The dynamic control ratio masks bilateral asymmetries–A gender-specific analysis of 264 healthy and ACL-injured athletes

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OBJECTIVES: Anterior cruciate ligament (ACL) ruptures are severe injuries which impair athletes’ careers. Isokinetic strength measurements are frequently applied to prevent knee injuries, support athlete’s rehabilitation and take return-to-sport decisions. However, test designs and parameters differ causing misleading conclusions. This cross-sectional study evaluated the effects of gender (male vs. female), group (healthy vs. ACL-injured) and limb (dominant/healthy vs. non-dominant/ACL-injured) on thigh muscle balance of athletes. METHODS: Matched pairs of 138 female and 126 male athletes (50% ACL-injured) performed unilateral isokinetic tests of concentric knee extensor (Qcon) and eccentric knee flexor (Hecc) movements (30°/s, 150°/s). Thigh muscle balance was analysed between legs (bilateral asymmetry) and between agonist and antagonist (DCR=dynamic control ratio, DCRe=DCR at the equilibrium point). RESULTS: Averagely 12.8 months after reconstruction (77% hamstring graft, 58% dominant side involved), male and female ACL-injured athletes demonstrated comparable bilateral asymmetries (7-20%) in peak (PMQcon, PMHecc) and DCRe moments (0.018≤ηp²≤0.215). These deficits were independent of the time after surgery. ACL-injured athletes’ affected (24-28%) and unaffected (12-24%) leg was significantly weaker compared to healthy athletes (0.061≤ηp²≤0.362) for knee flexors and extensors. Generally, healthy and ACL-injured female athletes were 17-27% weaker than their male counterparts. DCR induced ~50% false negative attributions (<10% bilateral asymmetry) compared to PMQon. CONCLUSIONS: Even more than 1 year after surgery, male and female ACL-injured athletes suffered from considerable comparable strength deficits in both legs. Peak and DCRe moments served to detect bilateral asymmetries, whereas DCR did not. This knowledge might contribute to improve the design and interpretation of isokinetic tests.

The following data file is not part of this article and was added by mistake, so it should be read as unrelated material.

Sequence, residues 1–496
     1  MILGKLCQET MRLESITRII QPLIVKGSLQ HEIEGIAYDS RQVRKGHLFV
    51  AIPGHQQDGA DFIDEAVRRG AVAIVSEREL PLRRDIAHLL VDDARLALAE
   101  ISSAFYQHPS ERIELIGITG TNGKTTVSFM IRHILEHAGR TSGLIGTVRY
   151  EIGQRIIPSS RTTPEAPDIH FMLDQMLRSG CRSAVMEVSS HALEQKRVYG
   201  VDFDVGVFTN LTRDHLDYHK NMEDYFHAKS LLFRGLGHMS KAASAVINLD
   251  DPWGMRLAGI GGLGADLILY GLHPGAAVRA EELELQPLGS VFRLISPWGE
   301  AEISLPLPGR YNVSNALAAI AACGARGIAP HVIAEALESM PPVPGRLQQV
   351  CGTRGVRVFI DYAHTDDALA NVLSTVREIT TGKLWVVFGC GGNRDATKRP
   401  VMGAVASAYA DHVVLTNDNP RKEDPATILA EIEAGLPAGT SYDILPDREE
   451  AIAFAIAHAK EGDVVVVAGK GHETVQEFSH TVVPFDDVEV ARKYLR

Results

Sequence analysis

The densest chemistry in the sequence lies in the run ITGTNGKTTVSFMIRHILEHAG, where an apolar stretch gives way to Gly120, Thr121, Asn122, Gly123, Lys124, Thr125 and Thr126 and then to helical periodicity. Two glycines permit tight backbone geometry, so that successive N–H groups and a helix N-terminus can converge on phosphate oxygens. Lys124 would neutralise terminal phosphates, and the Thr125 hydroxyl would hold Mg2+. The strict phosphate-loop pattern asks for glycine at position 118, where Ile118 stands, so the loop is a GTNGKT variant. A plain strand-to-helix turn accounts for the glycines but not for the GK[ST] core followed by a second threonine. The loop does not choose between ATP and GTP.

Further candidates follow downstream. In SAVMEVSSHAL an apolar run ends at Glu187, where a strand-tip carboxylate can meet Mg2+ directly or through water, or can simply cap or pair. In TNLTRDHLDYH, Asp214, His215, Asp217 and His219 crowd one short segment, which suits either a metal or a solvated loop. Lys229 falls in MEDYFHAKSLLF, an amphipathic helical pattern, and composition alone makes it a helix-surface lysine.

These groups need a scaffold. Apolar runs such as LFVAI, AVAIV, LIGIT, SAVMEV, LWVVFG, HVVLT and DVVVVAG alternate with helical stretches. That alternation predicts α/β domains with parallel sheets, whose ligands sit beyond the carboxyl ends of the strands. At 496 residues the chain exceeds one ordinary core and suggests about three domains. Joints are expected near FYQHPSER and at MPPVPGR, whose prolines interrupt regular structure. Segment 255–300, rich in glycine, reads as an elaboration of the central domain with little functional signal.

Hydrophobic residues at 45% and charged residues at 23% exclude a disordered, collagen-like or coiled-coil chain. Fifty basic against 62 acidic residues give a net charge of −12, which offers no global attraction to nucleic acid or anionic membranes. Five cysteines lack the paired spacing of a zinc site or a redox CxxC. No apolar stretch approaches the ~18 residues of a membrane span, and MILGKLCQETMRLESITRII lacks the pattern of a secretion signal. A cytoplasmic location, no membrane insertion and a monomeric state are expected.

ZeitschriftScandinavian journal of medicine & science in sports
PublikationsstatusVeröffentlicht - 2021

ID: 5538232

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